Human remains found in Bossier, identity not confirmed

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The Bossier Sheriff's Office investigated the wooded area off of Highway 157 Saturday and Sunday after a human skull was found. (Photo courtesy of Lt. Bill Davis/BSO)

Detectives with the Bossier Sheriff’s Office found additional human remains and clothing with a wallet and man’s driver’s license as they continued their investigation over the weekend into the identity of a human skull found Friday near a residence off of Highway 157.

Based on where the skull was initially found, detectives felt a grid search from Fillmore Cemetery to the north to Emerson’s convenience store to the south would need to be conducted.  On Saturday, the team of two dozen Bossier detectives and narcotics agents established Mobile Command near Fillmore Cemetery off of Highway 157 and conducted an extensive grid search as they combed the dense wooded area in search of additional human remains or other evidence; they were joined by the Bossier Parish Coroner’s Office and two teams of cadaver dogs from the Bossier City Fire Department and Shreveport Fire Departments.  The team then headed south near Emerson’s Saturday afternoon where they set up Mobile Command.

Then on Sunday, two dozen Sheriff’s Office detectives and patrol deputies and a cadaver dog team from Bossier City Fire Department continued the search, concentrating on the wooded area just north of Emerson’s convenience store on Highway 157.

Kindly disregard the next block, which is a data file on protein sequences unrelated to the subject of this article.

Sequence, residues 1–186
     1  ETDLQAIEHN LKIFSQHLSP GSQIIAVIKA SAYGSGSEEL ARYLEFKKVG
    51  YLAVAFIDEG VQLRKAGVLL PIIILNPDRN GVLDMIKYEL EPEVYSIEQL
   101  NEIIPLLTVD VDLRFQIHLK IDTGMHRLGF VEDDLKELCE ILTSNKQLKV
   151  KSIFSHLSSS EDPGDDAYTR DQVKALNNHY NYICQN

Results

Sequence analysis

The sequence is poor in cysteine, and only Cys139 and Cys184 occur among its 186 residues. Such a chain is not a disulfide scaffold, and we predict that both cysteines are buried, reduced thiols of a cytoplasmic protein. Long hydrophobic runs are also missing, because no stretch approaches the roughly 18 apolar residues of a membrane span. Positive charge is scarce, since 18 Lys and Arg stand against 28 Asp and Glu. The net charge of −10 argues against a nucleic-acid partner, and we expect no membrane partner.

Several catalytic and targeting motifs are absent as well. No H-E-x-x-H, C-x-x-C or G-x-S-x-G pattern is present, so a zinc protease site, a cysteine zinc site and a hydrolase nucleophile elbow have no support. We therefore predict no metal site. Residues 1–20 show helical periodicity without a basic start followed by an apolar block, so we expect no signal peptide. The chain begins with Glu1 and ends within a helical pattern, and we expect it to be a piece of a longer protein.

During their searches, detectives found additional human remains and pants with a wallet and man’s driver’s license.

The driver’s license belongs to a 28-year-old male from Webster Parish, and detectives made contact with his family in Webster, who had not seen him for three years.  Although detectives believe the human remains found in the wood could well be this man, they are continuing their investigation to make that determination.

The skeletal remains have been sent to the Forensic Anthropology and Computer Enhancement Services (known as FACES) laboratory at LSU in Baton Rouge where the team of forensic anthropologists and facial reconstructionists will conduct DNA testing and reconstruction to determine cause of death.  Additionally, the local Northwest Louisiana Crime Lab to conduct DNA testing to determine identity.  The DNA results may take a few days or longer.